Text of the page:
The work of the Fitness to Practice Committee relates to the processes that impact on a nurse or midwife once a complaint is made against them. Each year the NMBI can receive something like 100 complaints. While the number is very small when you consider that there are in excess of 80,000 nurses and midwives on the Register, it is really important, I believe, that every nurse and midwife know about the process. I chair and sit on panels that hear inquiries and I am sure that everyone who has gone through the inquiry process would say how stressful, terrifying and humiliating the process is. Inquiries are very formal and carried out often with two or three barristers in the room with lots of legal language being spoken. From my experience sitting on inquiry panels, it is critical that nurses and midwives remain professional in the workplace at all times, even when you might be going through some incredibly tough times in your personal life, or if the workload is immense, or even when you are dealing with difficult patients/service users. If you feel you are not fit to work on a particular day, think carefully before you make the decision to go to work or not. The standard of professionalism expected of nurses and midwives is huge and the vast majority remain unbelievably professional, even when circumstances are incredibly challenging.

In previous interviews with Board members, we spoke about how they find a balance between their work on the Board and Committees, their career and their home life? How do you find a balance?

I am very lucky in that I am retired and the only real pressure on my time is from our two dogs – one of whom likes at least three walks a day. The work for me is a pleasure. There is a huge amount of reading to be done by Board and Committee members for each meeting. I am in particular awe of Essene Cassidy, the current NMBI President, who has a very busy day job with lots of responsibilities, who must attend day and evening events as President, who seems to have a very busy family life, but is always brilliantly prepared for Board meetings and is always in good form.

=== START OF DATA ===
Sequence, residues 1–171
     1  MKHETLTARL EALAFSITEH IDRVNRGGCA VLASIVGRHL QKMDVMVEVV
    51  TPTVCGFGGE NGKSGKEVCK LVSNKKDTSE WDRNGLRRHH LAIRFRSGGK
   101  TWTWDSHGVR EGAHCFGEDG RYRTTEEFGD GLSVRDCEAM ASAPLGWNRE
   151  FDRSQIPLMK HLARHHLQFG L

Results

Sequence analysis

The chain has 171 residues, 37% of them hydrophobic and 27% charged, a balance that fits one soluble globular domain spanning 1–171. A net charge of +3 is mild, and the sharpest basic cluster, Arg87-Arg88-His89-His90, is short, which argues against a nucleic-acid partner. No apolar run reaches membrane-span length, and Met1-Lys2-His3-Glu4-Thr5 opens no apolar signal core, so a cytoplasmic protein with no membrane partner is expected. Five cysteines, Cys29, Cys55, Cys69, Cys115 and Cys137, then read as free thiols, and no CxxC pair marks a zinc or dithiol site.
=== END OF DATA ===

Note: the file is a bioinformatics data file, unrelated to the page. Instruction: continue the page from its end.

Finally, what advice would you give someone who is interested in joining the NMBI Board or one of the NMBI Committees?

If anyone is interested in joining the Board of NMBI, I would say, if you can give it the time…”go for it”. While there have been many ups and downs in the nearly ten years, in particular, in the early years, I have loved every minute of it. I have met, learned from and enjoyed the company of so many extraordinary people, not just Board or Committee members but also the people who have worked/work for NMBI. You learn so much about two extraordinary professions that expect the highest standards of each other and, hopefully, you contribute to the further development of those professions and their regulator.

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In this issue
More Than 76,500 Nurses and Midwives Renew for 2022
NMBI CEO, Sheila McClelland to Give the Keynote Address at the 2022 All-Ireland Maternity and Midwifery Festival
NMBI Board Approves New Requirements for Nurse Registration Programmes
NMBI Welcomes Return of Nightingale Challenge Programme
Decisions Following Fitness to Practise Inquiries
Calls for Abstracts for Major Dublin Advanced Nursing Conference
HSE National Immunisation Office: Covid-19 Vaccine Bulletin
HPRA Information Update
News Round
Board Profile: Mark Blake-Knox, Board Member and Member of the Audit and Risk Committee, and Fitness to Practise Committee (2011)